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Critical Analysis of “Shooting an Elephant” by George Orwell

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In George Orwell’s essay “Shooting an Elephant,” the author’s character develops from the pressure to make a decision and the horrifying results which follow. A potential existed for Orwell to display confidence and high morals, but this potential was destroyed when he pulled the trigger. The death of the elephant signifies the weakness of Orwell’s character.

Orwell is ashamed to had submitted to the pressure of the Burmans, but he does so at his own will. In the essay, his largest fear is that of public humiliation or “looking like a fool” (Orwell 206). Orwell’s dilemma involves poor morals colliding with common sense. The statement “The crowd would laugh at me” (Orwell 204), is shortly followed with the point “It seemed to me that it would be murder to shoot him” (Orwell 204). These statements contradict eachother and add to the climatic decision to pull the trigger.

Respect among the people is highly valued to Orwell. He claims that “every white man’s life in the East, was one long struggle not to be laughed at” (Orwell 204). This weakness plagues the author throughout the story and displays the softness of his character. This softness foreshadows the collapse of his morals, and ultimately the slow, sad death of the elephant. The authors mistake in his desision cost him the goodness of his character, and forced upon him the horrifying experience of watching the elephant die slowly in pain. This sight was so disturbing to Orwell that he leaves. “In the end I could not stand it any longer and went away” (Orwell 206). This quote also hints at the shamefullness that the author feels and the dishonor which prevails over him in the end.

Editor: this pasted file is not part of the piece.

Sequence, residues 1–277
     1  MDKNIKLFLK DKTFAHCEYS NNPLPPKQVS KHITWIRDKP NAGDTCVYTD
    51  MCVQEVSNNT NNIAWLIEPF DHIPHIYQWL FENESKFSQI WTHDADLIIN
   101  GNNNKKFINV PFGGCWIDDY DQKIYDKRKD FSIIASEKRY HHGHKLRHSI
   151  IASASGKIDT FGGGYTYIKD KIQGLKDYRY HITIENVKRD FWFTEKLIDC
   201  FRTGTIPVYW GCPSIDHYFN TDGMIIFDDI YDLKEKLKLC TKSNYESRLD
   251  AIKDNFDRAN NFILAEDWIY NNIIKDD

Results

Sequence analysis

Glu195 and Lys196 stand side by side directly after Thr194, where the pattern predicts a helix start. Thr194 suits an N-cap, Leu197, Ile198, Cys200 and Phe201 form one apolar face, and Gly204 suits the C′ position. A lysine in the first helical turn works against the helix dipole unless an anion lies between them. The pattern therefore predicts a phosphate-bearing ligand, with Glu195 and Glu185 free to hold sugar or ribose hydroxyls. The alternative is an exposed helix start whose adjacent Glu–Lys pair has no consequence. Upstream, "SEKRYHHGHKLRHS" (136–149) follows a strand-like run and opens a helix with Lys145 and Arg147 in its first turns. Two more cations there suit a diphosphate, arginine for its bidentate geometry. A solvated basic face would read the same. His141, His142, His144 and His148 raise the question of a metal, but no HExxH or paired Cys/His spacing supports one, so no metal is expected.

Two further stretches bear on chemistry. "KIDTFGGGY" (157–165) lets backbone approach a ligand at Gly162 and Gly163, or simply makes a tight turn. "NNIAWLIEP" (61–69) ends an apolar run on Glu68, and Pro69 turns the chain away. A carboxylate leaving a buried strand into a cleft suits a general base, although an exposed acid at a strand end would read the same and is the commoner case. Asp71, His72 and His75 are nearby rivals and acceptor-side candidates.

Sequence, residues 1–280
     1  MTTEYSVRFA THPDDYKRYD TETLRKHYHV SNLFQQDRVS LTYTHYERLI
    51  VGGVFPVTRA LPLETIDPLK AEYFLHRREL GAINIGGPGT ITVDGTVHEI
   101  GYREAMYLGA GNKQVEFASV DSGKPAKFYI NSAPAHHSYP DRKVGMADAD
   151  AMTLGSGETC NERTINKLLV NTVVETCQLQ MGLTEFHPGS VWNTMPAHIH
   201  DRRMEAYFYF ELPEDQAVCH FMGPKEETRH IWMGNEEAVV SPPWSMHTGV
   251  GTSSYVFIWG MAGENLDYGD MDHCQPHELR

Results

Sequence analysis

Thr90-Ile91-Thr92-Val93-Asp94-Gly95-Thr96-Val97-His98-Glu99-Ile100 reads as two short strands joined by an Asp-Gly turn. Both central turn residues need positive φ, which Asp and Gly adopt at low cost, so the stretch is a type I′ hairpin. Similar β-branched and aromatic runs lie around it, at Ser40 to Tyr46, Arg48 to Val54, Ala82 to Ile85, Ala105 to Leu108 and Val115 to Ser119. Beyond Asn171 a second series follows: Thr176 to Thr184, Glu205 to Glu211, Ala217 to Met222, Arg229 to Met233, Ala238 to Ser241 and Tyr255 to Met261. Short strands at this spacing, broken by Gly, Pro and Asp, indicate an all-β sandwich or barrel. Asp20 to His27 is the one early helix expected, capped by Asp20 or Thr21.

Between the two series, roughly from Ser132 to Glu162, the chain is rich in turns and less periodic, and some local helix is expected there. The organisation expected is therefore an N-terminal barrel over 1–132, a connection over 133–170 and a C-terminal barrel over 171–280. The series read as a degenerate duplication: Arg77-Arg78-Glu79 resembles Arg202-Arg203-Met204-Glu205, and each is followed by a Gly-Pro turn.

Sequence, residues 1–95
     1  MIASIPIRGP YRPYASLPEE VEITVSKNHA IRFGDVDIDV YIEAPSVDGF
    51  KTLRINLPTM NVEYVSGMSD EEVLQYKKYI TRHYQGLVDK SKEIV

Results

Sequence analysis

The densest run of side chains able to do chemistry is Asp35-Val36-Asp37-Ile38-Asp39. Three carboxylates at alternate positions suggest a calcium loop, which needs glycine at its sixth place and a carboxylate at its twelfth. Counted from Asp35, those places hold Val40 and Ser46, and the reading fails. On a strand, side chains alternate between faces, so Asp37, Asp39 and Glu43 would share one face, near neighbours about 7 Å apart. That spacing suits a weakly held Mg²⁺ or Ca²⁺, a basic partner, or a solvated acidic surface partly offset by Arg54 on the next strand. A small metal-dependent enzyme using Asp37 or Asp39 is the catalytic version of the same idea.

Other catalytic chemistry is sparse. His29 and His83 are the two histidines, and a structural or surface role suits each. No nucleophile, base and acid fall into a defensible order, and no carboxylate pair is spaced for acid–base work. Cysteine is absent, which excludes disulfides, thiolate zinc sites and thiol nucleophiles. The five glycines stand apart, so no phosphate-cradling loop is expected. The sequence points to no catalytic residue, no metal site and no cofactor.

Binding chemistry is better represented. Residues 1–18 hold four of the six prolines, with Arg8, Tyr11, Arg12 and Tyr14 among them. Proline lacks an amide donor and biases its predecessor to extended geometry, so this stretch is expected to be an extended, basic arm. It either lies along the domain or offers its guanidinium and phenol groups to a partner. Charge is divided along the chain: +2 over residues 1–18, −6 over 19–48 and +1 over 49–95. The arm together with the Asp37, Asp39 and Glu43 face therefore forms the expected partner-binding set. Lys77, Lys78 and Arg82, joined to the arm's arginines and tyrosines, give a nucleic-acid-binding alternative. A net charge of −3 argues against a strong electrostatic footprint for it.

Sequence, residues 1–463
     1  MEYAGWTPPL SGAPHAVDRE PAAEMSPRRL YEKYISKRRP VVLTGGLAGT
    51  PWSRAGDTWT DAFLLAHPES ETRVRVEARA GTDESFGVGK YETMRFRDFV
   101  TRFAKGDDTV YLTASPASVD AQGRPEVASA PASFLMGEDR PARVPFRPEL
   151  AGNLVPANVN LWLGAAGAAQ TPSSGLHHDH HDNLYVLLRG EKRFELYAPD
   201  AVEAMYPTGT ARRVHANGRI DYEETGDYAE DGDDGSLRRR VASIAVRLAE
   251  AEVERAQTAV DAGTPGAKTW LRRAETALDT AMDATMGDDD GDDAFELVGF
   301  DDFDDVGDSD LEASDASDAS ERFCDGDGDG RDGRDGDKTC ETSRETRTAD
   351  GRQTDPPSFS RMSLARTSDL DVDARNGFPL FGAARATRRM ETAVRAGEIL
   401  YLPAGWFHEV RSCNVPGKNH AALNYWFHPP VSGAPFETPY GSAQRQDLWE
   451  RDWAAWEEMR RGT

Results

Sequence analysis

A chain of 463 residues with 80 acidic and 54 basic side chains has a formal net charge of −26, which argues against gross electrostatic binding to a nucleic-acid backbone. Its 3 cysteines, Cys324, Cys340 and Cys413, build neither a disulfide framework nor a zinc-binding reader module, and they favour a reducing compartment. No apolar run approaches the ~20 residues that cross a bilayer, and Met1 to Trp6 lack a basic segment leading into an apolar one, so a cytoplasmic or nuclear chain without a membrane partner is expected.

Orwell does not learn from his mistake. He tries to provide a sufficient reason for shooting the elephant at the end. “afterwards I was very glad that the coolie had been killed; it put me legally in the right and it gave me sufficient pretext for shooting the elephant. I often wondered whether any of the others grasped that I had done it soley to avoid looking like a fool” (Orwell 206). Orwell claims to of looked like a fool if he hadn’t of shot the elephant. Yet, the author declines to say that he also would have upheld a higher standard of ethics and honor for himself if he hadn’t of pulled the trigger. The path not taken would have displayed a sense of self-standing, self confidence, and strong internal morals, which all perished with the death of the elephant.

As deep as the elephant’s death disturbs the reader, the author does not openly convey to the reader that he feels he had made a mistake. In fact, the essay ends almost too abruptly for the reader to conclude the author’s deeper feelings. However, the in depth description of the elephant’s painful death is sure to render some amount of sympathy toward the creature, and create feelings of disgust toward the author. “The tortured gasps continued as steadily as the ticking of a clock” (Orwell 206). The memories of the slobbering open mouth, red velvet blood, and shrunken figure are the punishment Orwell must live with for submitting to the will of the Burmans. Orwell deserves the integrity he lost and the guilt he must endure from the suffering of the elephant.

The decision that the author chose in “Shooting an Elephant” caused great pain and suffering to the creature, and symbolized the deline in Orwell’s character. The judgement lowers the author’s morals and self confidence, consequently leading the reader to perceive the author in a negative light.

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